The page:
BELGRADE (AFP) - Red Star Belgrade, embroiled in a Champions League match-fixing scandal, have erected a wall of silence around the Rajko Mitic Stadium ahead of their clash with Liverpool on Wednesday (Oct 24).
The trip to Anfield should have been a celebration for the team, 27 years after they won the European Cup, the first and last triumph in the competition for a club from the former Yugoslavia.
But now the match has been overshadowed by suspicion following the announcement that French investigators are probing allegations of match-fixing in the club's 6-1 thrashing by Paris Saint-Germain in their last Champions League group-stage outing on October 3.
The probe was launched after French sports daily L'Equipe alleged that a senior Red Star official bet five million euros (S$7.9 million) on the side losing by a five-goal margin to the French champions.
The claims upset many Serbs including Predrag Saric, editor-in-chief of the Sportski Zurnal daily paper.
"Serbs are the ideal culprits. No one has read yet that the investigation had actually started, but they are already condemned," Saric told Serbian state-run television channel RTS.
He was also surprised that "in the age of modern technology, everything is not yet clear".
Serbian President Aleksandar Vucic, a long-time Red Star supporter, said he was "very sceptical" regarding the allegations.
"I think that the greatest part of what they are talking about is not true," he told reporters.
The Serbian leader vowed to "examine every possibility of whether anyone and in any way could have tarnished the name of our club and our country".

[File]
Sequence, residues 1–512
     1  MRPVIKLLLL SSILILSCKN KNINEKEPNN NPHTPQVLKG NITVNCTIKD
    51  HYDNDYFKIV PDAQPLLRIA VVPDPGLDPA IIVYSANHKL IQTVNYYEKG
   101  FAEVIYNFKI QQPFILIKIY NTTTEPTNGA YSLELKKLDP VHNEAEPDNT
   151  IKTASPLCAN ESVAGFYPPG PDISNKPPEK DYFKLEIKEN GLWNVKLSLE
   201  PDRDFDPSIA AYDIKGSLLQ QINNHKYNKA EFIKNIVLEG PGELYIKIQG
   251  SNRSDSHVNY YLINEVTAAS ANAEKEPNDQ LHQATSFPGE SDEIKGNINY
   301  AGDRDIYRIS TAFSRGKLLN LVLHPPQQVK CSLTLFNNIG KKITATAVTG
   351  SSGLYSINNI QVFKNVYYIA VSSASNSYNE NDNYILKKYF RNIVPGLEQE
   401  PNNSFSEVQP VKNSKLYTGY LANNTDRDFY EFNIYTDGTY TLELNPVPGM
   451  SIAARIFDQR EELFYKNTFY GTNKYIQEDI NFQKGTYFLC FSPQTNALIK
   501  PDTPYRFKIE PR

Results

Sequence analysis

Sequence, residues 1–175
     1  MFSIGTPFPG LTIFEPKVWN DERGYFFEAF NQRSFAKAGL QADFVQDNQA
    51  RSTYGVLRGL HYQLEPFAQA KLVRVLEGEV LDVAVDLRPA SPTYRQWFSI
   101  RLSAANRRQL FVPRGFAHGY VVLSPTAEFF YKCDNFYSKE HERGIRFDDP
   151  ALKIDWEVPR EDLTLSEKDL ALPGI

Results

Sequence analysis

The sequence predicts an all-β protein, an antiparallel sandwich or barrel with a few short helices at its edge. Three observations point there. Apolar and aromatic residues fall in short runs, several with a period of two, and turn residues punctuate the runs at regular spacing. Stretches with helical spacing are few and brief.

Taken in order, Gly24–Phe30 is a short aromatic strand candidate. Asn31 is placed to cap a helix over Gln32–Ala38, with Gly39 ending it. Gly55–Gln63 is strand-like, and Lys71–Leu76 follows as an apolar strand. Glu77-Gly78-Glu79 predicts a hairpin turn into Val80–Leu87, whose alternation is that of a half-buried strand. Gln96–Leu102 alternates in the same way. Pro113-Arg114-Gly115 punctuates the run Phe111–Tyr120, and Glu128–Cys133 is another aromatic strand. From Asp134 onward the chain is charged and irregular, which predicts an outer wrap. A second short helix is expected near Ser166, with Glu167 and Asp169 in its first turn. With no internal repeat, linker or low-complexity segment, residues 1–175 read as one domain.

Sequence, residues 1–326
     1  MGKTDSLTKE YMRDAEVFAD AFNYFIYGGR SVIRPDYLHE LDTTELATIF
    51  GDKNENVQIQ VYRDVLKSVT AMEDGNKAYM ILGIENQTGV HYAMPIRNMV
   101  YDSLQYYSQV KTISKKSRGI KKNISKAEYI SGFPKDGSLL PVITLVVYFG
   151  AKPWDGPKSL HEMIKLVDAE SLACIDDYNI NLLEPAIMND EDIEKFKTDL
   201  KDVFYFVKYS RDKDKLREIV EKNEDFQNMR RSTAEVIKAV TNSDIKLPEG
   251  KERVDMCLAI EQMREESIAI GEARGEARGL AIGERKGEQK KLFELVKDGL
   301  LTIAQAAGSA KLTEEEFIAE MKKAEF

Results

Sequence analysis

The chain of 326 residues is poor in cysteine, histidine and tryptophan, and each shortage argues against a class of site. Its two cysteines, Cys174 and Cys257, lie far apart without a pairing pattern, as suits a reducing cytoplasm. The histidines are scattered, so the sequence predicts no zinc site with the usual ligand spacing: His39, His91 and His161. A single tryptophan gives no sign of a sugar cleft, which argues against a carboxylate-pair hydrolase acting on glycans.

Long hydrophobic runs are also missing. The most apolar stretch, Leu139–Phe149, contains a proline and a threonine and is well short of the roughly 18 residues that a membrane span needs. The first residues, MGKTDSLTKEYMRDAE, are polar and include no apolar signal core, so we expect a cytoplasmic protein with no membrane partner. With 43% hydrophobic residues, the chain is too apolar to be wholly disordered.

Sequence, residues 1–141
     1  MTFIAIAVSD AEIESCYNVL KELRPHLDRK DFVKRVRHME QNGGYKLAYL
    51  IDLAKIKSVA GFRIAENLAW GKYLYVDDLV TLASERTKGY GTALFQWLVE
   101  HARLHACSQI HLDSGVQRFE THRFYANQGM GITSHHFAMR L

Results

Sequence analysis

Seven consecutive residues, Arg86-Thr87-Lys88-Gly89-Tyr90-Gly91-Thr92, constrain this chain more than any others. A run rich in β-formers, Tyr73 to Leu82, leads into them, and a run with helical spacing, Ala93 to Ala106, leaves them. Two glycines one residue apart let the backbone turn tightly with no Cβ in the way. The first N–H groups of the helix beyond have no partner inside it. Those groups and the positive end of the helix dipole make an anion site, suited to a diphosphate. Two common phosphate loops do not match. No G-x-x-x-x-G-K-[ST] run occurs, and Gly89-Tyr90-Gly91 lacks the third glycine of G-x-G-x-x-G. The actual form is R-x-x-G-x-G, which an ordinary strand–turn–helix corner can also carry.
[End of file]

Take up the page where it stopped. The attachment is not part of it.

After releasing two statements in which they urged a rapid investigation and threatened legal action against L'Equipe for defamation, the club have fallen silent.
Red Star president and Serbian football great Dragan Dzajic has not been answering his mobile phone. General director Zvezdan Terzic said the club had decided not to comment further following the initial two statements.
"I won't comment on the media reports, I can say they don't affect the team," said coach Vladan Milojevic. "The players and I are focused on the current competitions."
Sports analyst Mihajlo Todic said the betting allegations looked far-fetched. He doubted a bookmaker could accept a five-million-euro bet on something which was "blatant", referring to the high probability that Red Star would be heavily beaten by one of Europe's elite clubs.
"The left foot of (right-footed) Neymar is worth more than the whole Red Star team," fan Dragan Nikolic, 42, said.
Todic said "match-fixing would have required participation of PSG", an accusation dismissed out of hand by the French club.
Independent Vreme pointed to a record of previous corruption in sport in Serbia.
"Match-fixing and money laundering sound familiar in Serbia," it commented. Serbian football in general and its two leading clubs - Red Star and Partizan Belgrade - have a nefarious reputation.
Some of their hardcore fans, after first serving as paramilitaries during the 1990s Balkans conflicts, have now joined the underworld.
They have been involved in gang shootings and often have trouble with the law.
The legal structure of Serbian clubs, which are officially public property, remain opaque and it is unclear who controls them.
Red Star were heavily indebted for a long time but Terzic said in September that the club's debt had been "cut to 13 million euros, which means that we have repaid 41 million euros".
Terzic, elected general director in 2014, is a controversial figure.
Suspected of embezzlement during suspicious transfers when he was running OFK Beograd, he fled Serbia in 2008 before turning himself in two years later. His trial has yet to open.
Terzic was also president of the Serbian football federation from 2005 to 2008.